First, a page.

“This camp is top notch,” band director Andrew Paul said. “The guest conductors are the best in the world. I’ve been to at least seven other band camps like this one in respectable universities, but none of them come close to the quality of USC. Everything they have is top notch.”
This year, Paul nominated seniors Kayla Griffith, Emma Nobile, and Ben Thompson, junior Mya Payne, and sophomore Kristi Lapins to attend the camp. The group travels to the campus on Valentines Day and returns that Sunday.
The students in the clinic will audition for a spot in one of four ensembles. Each of the four ensembles consists of around 100 students and a hired conductor. Three of the bands have equal skill levels while the fourth is an honor band with the exceptionally able students. The students have lunch and then attend concerts performed by the university’s band and by professional symphonies.
“I absolutely think students should go,” Paul said. “I attended this one as a high school student. They get experience and learn a lot, to say the least.”
The students lodge at a nearby hotel, and Friday and Saturday they have intense 8 a.m. to 11p.m. instruction on their instruments. University professors teach the students instrument techniques, with at least one professor for every instrument. They also spend this time practicing for their performance. On Sunday, all four ensembles perform what they’ve practiced in front of the university students at a world class facility that rivals the Kennedy Center.
Last year Thompson attended the camp with a few other students from the county, and he will go again this year.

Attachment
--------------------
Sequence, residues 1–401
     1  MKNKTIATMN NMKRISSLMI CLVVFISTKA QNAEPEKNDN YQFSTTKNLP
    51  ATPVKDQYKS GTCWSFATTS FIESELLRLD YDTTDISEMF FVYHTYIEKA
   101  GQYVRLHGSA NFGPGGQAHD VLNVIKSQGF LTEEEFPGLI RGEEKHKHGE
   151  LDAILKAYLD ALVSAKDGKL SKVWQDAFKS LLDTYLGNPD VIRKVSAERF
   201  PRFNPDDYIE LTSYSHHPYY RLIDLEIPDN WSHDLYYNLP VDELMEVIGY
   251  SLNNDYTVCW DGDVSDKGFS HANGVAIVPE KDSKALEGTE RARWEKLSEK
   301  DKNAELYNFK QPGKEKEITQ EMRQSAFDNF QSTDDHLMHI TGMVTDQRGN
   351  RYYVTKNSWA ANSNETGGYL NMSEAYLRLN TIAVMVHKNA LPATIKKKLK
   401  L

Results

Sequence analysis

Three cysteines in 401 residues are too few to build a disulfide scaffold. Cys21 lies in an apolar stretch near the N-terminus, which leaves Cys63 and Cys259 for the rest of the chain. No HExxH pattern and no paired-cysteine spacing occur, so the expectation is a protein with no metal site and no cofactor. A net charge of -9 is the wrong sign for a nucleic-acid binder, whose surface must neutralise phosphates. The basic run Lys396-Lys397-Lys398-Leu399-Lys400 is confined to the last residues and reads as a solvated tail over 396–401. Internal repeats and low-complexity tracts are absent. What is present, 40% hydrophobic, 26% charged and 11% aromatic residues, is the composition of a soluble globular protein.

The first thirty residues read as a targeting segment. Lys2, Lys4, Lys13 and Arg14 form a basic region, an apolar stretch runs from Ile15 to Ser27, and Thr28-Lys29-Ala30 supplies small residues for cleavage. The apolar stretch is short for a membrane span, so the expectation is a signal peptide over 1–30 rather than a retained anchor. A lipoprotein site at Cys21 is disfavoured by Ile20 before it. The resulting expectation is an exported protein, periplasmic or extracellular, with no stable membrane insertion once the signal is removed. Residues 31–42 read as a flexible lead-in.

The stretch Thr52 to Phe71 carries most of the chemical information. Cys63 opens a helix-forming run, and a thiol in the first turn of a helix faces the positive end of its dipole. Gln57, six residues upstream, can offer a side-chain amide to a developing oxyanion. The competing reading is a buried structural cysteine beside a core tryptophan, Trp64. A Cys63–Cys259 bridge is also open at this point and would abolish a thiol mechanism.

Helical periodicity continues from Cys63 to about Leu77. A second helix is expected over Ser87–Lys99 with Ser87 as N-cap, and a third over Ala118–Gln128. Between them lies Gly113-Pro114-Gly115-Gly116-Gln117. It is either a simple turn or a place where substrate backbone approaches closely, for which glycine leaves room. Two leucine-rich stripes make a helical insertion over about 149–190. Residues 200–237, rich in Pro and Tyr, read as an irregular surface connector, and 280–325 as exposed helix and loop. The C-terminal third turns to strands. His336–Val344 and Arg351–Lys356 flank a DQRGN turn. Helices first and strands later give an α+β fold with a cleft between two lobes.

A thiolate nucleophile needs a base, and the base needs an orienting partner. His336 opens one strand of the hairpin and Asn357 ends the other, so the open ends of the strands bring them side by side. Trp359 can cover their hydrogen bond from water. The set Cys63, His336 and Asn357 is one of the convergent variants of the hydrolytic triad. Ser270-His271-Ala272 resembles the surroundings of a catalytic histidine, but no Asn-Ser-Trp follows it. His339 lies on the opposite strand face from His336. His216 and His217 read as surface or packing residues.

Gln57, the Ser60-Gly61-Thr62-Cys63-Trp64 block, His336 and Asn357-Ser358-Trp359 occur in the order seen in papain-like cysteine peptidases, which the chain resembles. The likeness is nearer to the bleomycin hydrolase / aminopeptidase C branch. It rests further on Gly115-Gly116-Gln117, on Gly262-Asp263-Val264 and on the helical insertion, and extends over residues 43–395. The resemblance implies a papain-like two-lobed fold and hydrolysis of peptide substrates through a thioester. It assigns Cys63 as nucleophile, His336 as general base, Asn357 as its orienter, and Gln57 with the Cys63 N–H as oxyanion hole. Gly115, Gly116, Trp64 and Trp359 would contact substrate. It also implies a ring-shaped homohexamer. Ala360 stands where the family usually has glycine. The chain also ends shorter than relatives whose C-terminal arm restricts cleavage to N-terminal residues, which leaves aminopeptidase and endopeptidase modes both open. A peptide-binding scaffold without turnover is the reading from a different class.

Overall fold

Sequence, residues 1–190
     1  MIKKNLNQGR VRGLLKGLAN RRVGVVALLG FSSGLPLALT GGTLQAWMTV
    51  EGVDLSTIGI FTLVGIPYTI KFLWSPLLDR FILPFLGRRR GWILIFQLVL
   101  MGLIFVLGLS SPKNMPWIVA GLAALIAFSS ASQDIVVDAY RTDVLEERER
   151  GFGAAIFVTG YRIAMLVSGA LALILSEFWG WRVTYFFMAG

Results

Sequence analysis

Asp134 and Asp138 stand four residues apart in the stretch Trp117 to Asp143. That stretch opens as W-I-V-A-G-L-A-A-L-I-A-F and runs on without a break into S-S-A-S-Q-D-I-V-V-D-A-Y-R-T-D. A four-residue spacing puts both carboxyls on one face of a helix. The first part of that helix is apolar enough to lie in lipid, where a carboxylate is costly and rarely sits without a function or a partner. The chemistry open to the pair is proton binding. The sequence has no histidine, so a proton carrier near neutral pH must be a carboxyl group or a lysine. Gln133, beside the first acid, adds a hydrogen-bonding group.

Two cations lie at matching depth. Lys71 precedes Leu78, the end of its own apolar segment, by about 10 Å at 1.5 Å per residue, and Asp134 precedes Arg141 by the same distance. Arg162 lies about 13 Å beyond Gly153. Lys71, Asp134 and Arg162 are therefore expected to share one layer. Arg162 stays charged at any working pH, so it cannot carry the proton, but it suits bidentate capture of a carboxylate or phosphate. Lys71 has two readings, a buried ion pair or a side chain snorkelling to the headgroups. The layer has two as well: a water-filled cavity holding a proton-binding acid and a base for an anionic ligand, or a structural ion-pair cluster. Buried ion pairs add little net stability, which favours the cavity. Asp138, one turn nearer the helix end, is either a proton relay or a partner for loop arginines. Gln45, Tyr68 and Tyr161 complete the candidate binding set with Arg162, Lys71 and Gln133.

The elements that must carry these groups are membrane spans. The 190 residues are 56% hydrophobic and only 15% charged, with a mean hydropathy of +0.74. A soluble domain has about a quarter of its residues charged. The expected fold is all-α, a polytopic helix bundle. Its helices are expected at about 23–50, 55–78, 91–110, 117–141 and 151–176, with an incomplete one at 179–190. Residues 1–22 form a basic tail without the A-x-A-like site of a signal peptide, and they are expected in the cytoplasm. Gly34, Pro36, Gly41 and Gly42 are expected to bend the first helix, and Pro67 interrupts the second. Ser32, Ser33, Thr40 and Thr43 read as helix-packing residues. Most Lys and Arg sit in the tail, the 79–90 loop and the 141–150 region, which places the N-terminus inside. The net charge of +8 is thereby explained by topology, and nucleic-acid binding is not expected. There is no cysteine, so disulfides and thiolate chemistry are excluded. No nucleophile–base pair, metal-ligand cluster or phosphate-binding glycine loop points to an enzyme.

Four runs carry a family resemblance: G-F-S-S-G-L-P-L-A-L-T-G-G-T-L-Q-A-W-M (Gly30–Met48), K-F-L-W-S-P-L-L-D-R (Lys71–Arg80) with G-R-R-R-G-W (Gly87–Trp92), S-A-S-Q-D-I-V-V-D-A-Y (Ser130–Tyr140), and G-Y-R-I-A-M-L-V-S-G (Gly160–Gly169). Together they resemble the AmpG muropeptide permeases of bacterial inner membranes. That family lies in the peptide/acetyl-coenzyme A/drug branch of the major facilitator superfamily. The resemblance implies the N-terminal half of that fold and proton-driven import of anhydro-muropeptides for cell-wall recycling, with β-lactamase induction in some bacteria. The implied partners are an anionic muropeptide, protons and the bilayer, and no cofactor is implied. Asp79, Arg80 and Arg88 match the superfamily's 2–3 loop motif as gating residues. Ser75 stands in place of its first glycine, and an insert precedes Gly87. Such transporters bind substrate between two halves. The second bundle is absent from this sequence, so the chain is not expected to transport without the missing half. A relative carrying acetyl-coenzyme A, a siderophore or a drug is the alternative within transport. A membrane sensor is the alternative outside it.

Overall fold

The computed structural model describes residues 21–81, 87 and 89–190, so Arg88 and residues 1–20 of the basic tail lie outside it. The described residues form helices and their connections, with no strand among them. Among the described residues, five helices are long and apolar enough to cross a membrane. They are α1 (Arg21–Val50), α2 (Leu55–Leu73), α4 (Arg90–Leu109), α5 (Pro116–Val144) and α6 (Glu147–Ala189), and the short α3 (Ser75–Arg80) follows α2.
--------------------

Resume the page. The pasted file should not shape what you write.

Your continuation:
“It’s pretty intense because you have to learn all the songs in just two days,” Thompson said. “But everyone’s so experienced, so it’s more fun rather than a big challenge. I want to do it again and see if I can do better in the standings. I hope to get to the honor band. Last year I came close, but this year I want to break though.”
Paul says that all the students that have gone in the previous years have said they enjoyed it. The students get to roam the city, eating at really nice restaurants and visiting record stores. They also get to know each other well, particularly during the seven hour car ride. Senior Collin Steves also went to the camp last year.
“Ben Thompson was the only person I was rooming with that I knew,” Steves said. “But the other guys and I became good friends. All of us who went down together were just with each other a lot, whether we were practicing, eating, at the hotel, or just hanging out. We were the only people we knew in a program with hundreds of students, so it brought us closer.”
The clinic also allows students to get a taste of what majoring in music would be like, and it looks good on college résumés.
“After the trip I realized that I didn’t want to major in percussion or performance but still wanted to major in music,” Steves said. “So now I’m auditioning at colleges with piano and a major in music business.”
Both Steves and Thompson were surprised at how fun the conductors made the experience, despite the intensity of the clinic.
“I enjoyed it,” Steves said. “The place is great. You are surrounded by people who are passionate about music, and you learn off of other students, as well as the conductors. I would recommend it for any student if they are passionate about their instrument.”

~Jake Lunsford, staff reporter